I’ve watched 5 new Hallmark movies: Love on Ice (eh), A Royal Winter (adorable), Birthday Wishes (hilarious), Love Blossoms (gorgeous setting and scenery and fun story with decent actors for Hallmark), and Campfire Kiss (absurd and with bad actors, even for Hallmark).
I’ve watched 7 more miscellaneous films and miniseries, which I organized by date.
Sword in the Stone, 1963
The Great Mouse Detective, 1986
This is Sherlock Holmes for mice which is a funny concept, but I thought the movie too sad and scary for an animated children’s film. Boring for adults.
Henry V, 1989
While I prefer the Hollow Crown version, I enjoyed this film. I like the play or at least the performance of it. I don’t enjoy every single minute, but the speech is thrilling, the fencing of words and challenges with the French is interesting, and the courtship charming. I love Henry’s stalwartness and dignity.
Howl’s Moving Castle, 2004
I need to re-read this book because I don’t remember much, and I think the filmmakers changed quite a bit. Also, I didn’t care for the anime; Howl is SO effeminate despite Christian Bale’s awesome voice.
Little Dorrit, 2008
I read the novel a couple of years ago, so I didn’t remember everything. And watching a creepy, disturbing story is different than reading it. Andy Serkis’ character is truly a psychopath, and I do think the filmmakers made some parts worse (although everything fit in with Dicken’s story) plus violence is worse when watched. I skipped some scenes and would skip more next time, so be warned.
The miniseries captures the story brilliantly. I thought the plot, most of the characters, and scenery excellent. Amy and Arthur are perfect. I loathed Matthew McFadyen as Mr. Darcy, but what little else I’ve seen of him, I’ve liked, and I LOVED him here; Arthur Clennam’s character is perfect for him (I had a eureka moment after pondering all this, and realized he would be the perfect Colonel Brandon).
Letters to Juliet, 2010
Although this film is rift with objectionable aspects and has a super awkward heroine, I did enjoy it well. And I loved J.J. Fields (especially in modern clothes at the end).
I’ve watched 8 classic Hollywood movies, most of them from my lists.
To Catch a Thief, 1955
A famous movie starring two famous actors. I think that its overrated. I found it interesting enough, and I laughed, but the humor isn’t particularly witty. The identity of the thief isn’t surprising (and I’m easily mislead or at least allow myself to be easily mislead), and I just didn’t find the mystery exciting or the romance strong.
The Thin Man, 1934
I wanted to watch this after this review highlighted the main couple. They are adorable as described. This mystery is more complex than the above movie because of all the characters and all the complex intrigue. The movie had some humor, but not tons or at least not my kind of humor. And I thought it quite dark and scary, especially near the end. However, I still would like to watch more of this series.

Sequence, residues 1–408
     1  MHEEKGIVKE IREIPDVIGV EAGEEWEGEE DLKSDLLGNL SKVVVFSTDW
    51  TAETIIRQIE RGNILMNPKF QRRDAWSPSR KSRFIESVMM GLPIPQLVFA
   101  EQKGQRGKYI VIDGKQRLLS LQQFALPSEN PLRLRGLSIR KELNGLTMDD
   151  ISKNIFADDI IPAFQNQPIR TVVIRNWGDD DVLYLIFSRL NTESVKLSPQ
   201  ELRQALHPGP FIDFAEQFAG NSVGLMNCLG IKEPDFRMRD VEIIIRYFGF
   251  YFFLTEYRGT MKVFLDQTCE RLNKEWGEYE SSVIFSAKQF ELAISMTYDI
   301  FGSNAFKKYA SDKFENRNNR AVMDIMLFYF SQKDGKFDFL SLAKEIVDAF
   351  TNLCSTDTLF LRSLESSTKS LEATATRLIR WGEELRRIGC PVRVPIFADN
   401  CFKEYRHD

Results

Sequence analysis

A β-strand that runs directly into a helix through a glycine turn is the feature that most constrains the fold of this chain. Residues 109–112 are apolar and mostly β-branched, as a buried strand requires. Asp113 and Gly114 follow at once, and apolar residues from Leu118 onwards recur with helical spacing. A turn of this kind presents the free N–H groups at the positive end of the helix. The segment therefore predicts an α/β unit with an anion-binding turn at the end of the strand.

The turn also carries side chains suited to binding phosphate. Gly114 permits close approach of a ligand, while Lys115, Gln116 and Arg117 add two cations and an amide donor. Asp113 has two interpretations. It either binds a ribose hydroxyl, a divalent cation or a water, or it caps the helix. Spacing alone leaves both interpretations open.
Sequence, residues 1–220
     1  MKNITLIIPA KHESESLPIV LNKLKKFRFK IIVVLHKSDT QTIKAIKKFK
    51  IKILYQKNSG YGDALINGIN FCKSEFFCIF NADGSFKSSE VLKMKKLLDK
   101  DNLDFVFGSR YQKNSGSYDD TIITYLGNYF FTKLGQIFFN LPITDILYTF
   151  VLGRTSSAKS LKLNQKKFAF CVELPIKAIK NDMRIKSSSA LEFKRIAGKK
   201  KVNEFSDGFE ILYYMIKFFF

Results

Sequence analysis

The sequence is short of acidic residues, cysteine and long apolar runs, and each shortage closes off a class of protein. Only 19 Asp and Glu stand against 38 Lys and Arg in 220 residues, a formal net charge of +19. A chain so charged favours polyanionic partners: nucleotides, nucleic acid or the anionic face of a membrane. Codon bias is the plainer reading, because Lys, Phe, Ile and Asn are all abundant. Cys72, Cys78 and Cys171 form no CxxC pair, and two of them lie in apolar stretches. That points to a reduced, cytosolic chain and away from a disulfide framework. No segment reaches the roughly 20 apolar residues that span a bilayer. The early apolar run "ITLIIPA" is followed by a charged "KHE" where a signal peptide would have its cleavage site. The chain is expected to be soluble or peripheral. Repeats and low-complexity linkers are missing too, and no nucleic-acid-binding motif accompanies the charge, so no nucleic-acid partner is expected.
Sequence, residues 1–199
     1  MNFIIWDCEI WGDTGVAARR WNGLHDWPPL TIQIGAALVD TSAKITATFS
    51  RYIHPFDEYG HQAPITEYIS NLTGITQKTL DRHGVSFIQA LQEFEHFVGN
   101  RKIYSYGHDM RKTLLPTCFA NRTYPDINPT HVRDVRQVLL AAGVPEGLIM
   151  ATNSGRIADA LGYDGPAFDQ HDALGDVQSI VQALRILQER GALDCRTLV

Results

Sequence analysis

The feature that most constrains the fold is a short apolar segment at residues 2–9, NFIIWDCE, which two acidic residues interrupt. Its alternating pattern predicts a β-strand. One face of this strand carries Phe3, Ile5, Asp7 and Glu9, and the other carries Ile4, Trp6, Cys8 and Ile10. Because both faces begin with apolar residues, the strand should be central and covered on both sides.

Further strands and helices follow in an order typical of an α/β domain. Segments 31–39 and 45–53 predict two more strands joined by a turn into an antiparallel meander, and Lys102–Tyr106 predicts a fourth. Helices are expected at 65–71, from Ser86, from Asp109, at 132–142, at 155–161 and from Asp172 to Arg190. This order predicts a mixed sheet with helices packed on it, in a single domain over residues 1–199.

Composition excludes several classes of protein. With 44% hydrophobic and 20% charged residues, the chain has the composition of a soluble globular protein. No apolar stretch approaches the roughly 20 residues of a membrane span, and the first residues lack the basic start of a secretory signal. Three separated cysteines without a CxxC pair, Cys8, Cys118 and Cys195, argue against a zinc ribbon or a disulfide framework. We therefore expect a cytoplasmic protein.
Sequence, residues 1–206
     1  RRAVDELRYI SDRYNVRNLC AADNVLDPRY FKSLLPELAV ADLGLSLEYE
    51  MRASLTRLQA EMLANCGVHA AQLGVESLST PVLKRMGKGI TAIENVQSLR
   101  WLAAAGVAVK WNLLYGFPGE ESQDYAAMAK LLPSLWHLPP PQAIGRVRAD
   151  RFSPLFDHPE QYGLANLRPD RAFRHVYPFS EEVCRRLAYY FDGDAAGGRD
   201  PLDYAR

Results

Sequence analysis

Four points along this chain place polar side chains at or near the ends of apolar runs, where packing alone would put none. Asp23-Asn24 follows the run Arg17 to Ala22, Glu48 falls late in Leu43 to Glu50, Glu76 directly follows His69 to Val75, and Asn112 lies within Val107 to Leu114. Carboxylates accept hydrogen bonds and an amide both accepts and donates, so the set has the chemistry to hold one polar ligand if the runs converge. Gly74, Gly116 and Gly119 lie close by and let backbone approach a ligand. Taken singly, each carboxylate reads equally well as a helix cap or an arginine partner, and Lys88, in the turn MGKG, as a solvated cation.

Dana Andrews plays the detective in this film, but with his looks, clothes, and worldly persona, he appears like a gangster. I liked that juxtaposition of “bad guy” feel on a good guy character. I enjoyed the film noir aspect of this film. But the dramatic, suspenseful music keyed my nerves so tight! The plot may seem absurdly convoluted and simple, but like I said, I’m easily fooled with mysteries, and I don’t think the plot is everything (or even the main thing).
Holiday Inn, 1942
I found the humor in this film to my taste; the sabotaging that goes on amongst the various characters is outrageous and hilarious. The dancing is excellent but of a different type than the grand numbers in White Christmas, but the music (except for the song I’m Dream of a White Christmas) is decidedly inferior. The plot is much inferior too. A younger Bing Crosby is nice to look at though.
Funny Face, 1957
Meh, and I’m not a Fred Astaire fan.
Mr. Smith Goes to Washington, 1939
Jimmy Stewart looks so sweet and often plays such sweet, honorable, naïve characters. I felt that his character in this film, Jefferson Smith, exhibits these qualities the highest I’ve seen yet. While the plot overall (not enough romance) isn’t really my thing, the naivete of Jefferson Smith and his endurance and sweetness added to the plot made the film enjoyable.
The Ox-Bow Incident, 1943
In comparison to Lonesome Dove, this Western seems almost saintly; it has a solid moral framework. It clearly indicates that vigilantism isn’t justice. However, I don’t believe that the guilty men murder the innocents in purely hot-blood mob mentality (as the film and DVD cover imply) because they have plenty of time to cool down and plenty of opportunities to listen and observe. It’s clearly murder, not manslaughter. I’m not sure that it is great to focus so solely on violence in movies.